Article — September 9, 2017 — learning, language, trust, organization
Cultures learn by celebrating.
I only understood that this year, following research into Dragon Dreaming, a way of working that asserts 25% of the time in any project should be devoted to “celebrating”.
The dragons in Dragon Dreaming are the troubles, fears and obstacles that lie outside our comfort zone. It’s a great idea to celebrate our encounters with dragons. (source) What I found is that the practitioners of Dragon Dreaming were using the word “celebrating” a little differently than I had. They didn’t mean a lot of cheering and fanfare, consumption and back-patting. They didn’t mean an event aimed toward making the participants feel good.
I understood them to mean something closer to what I discovered in the etymology of the word “celebration” itself, which can be traced back to an adjective in Latin, “celeber”, meaning numerous, populous, or honored by a great assembly.
The more robust the culture, the more rich and complex the mythology it carries, and the more various and elaborate the celebrations it conducts to reinforce and develop that mythology. (source) To celebrate is to bring the attention of numerous people together on what happened. It’s the act of drawing the past into the present, sharing our experiences. We develop a common memory, a common interpretation of events; we build the story of our lives.
Without celebration, we feel small, and life seems meaningless. We need to know the events in the bigger picture, to make sense of ourselves. We need to look at the whole world to learn who we are as individuals. In the process, we each gain some of the wisdom that all of us worked for.
What to celebrate? It depends. How? It depends. When? Always. (source) The discipline of celebration consists of knowing what and how to celebrate.
There’s no way to celebrate everything that happens. We need to identify specific events, and our selection makes a tremendous difference. It’s a mistake to think only successes should be celebrated; what’s important is to choose events that are highly meaningful for the participants of the celebration, and failures are as likely to be meaningful as successes.
Everything is temporary. Celebrating when things end helps new things to begin. (source) A great celebrator has no fear of bringing depressing or upsetting facts to light, knowing that a well-performed celebration is uplifting no matter what the content of it is. Nor does a great celebrator try to cover up the bitterness of events with artificial sweetness. Like great cooks, they bring out the natural sublimity of what they work with. They emphasize and complement, rather than suppress or oppose.
There are as many ways to celebrate as there are ways to make art. I’m a storyteller; that’s the artform I know best, so it’s the first tool I reach for when I hope to make a great celebration.
Twenty-eight, like most numbers, is interesting. It’s the fourth hexagonal number, and it’s the product of four and seven, which should be enough to raise the eyebrows of any numerologist. It’s certainly worth celebrating. (source) For example, last month I celebrated my 28th birthday. I never wanted to do that, before; it was the first time I regarded my birthday as something to celebrate, rather than something to scrupulously hide from public attention.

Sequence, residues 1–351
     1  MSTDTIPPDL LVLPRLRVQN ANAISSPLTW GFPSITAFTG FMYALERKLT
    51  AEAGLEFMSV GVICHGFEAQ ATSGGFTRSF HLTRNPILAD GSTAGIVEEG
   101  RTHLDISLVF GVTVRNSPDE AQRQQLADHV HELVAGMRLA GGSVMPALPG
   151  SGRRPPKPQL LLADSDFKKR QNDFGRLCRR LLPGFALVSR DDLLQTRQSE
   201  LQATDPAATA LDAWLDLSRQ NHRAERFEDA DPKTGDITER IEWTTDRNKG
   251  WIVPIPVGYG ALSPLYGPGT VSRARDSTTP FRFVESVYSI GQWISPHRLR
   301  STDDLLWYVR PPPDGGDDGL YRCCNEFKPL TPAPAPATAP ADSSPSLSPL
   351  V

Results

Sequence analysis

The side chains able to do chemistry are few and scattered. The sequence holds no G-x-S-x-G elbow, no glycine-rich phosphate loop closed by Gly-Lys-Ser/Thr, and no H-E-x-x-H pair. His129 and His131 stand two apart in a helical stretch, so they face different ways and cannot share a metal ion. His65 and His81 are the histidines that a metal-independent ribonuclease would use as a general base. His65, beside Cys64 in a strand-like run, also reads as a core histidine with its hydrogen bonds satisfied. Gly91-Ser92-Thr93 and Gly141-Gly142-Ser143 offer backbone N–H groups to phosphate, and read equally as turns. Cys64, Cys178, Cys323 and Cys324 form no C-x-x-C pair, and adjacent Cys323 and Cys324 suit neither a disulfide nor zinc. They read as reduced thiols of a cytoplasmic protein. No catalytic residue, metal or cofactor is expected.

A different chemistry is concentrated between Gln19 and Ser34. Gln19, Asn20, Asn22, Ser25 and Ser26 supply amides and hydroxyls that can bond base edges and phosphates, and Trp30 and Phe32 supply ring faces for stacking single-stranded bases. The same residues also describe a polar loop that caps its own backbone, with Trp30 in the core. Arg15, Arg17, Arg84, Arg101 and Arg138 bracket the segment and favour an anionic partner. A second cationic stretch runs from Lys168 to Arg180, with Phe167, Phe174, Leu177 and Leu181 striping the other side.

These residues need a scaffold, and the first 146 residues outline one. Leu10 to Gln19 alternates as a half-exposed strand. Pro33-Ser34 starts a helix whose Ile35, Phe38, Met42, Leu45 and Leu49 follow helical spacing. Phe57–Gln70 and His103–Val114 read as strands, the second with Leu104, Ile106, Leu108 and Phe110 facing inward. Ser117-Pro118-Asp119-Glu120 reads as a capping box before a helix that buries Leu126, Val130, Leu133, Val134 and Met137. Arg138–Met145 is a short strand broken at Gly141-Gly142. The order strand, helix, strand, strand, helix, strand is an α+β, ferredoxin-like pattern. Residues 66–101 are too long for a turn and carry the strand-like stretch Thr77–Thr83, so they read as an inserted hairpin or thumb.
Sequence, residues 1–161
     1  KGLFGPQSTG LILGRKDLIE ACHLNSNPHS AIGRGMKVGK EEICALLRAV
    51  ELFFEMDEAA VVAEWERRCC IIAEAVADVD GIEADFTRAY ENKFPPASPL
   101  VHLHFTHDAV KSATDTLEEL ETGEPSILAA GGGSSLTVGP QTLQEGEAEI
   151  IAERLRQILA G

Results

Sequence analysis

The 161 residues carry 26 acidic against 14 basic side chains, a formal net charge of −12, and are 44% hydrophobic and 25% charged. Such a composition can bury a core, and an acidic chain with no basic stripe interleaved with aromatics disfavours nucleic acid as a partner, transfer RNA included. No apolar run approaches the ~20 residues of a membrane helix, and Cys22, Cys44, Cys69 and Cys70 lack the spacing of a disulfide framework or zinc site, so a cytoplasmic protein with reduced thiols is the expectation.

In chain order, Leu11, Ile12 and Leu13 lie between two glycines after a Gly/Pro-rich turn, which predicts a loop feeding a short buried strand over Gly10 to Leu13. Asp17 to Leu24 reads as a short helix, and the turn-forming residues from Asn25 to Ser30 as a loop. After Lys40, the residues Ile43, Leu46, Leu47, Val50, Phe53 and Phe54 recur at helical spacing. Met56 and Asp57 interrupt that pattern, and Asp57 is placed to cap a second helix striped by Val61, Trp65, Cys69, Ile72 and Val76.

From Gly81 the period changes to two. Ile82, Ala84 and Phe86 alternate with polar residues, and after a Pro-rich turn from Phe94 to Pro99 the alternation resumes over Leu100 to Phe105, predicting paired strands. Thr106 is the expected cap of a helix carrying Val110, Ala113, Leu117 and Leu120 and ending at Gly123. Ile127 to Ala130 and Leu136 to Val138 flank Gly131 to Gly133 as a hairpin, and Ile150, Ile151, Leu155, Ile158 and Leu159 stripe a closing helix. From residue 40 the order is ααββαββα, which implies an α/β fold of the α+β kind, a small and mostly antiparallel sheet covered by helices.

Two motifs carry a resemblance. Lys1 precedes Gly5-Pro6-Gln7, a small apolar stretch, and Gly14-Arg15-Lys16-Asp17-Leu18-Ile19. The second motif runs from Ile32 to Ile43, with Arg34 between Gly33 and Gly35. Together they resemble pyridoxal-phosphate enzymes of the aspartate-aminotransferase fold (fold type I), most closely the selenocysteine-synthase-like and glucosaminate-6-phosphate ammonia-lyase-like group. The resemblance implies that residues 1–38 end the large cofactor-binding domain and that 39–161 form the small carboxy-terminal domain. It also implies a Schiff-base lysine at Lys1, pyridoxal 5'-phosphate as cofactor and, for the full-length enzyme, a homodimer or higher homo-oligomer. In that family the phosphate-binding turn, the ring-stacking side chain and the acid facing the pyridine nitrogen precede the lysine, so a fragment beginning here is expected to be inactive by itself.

I told the story of my life, beginning last winter, with the first post of this blog and the walk with that one guy that I want to form a household with.
My intention was to weave together the various images of myself, held by me and others, into a more complete sense of who I am. When who I am is a story held in common, we all gain the ability to check whether my actions are consistent with that story or not.
That way, I become reliable: either reliably trustworthy, or reliably untrustworthy, depending on where my strengths and weaknesses are. Where I’m trustworthy, people can depend on my support, and where I’m not, celebrating my weaknesses creates a common understanding of where I fall short – which is a great environment for me to learn in, if I’m engaged in improving myself.
Of course, if you have a great culture of accountability, inviting the accountants to the celebration can make it far better. (source) The same principle applies to a celebration of anything: bringing our individual past experiences to common consciousness is a powerful way for any group, community or organization to improve. The magic works immediately, even without any structure of accountability to ensure that the points to improve are really followed up on.
In PDCA, it’s called the “check phase”. In Scrum, it’s called a “review” or “retrospective”. In the Toyota Way, it’s called “hansei”. I prefer to call it “celebration”; that name makes the heart of it more obvious to me. (source) That makes celebration an important element in kaizen culture, and an invaluable tool in forming a cooperative.
Imagine working in a culture where judgement, blame, criticism and punishment simply do not exist: where your value as a living being is seen and celebrated regardless of what you do, while at the same time your words and actions are evaluated with unflinching objectivity, according to clear standards that we all know, that we all agree on, and that are always changing – because as we learn we gain a better understanding of what we care about, what is good, what is meaningful, what is important, what we are here to do.
A culture where each small calamity and each little triumph that you experience in your daily life, from your first breath to your last, is given a place on the world’s stage, to be celebrated, to be known and learned from, to be recognized for what it is: a step of evolution in the dance of a living cosmos.
Sometimes we are models of excellence. Other times, we blunder. Whatever we do, we learn, and we gain something to contribute to the next attempt.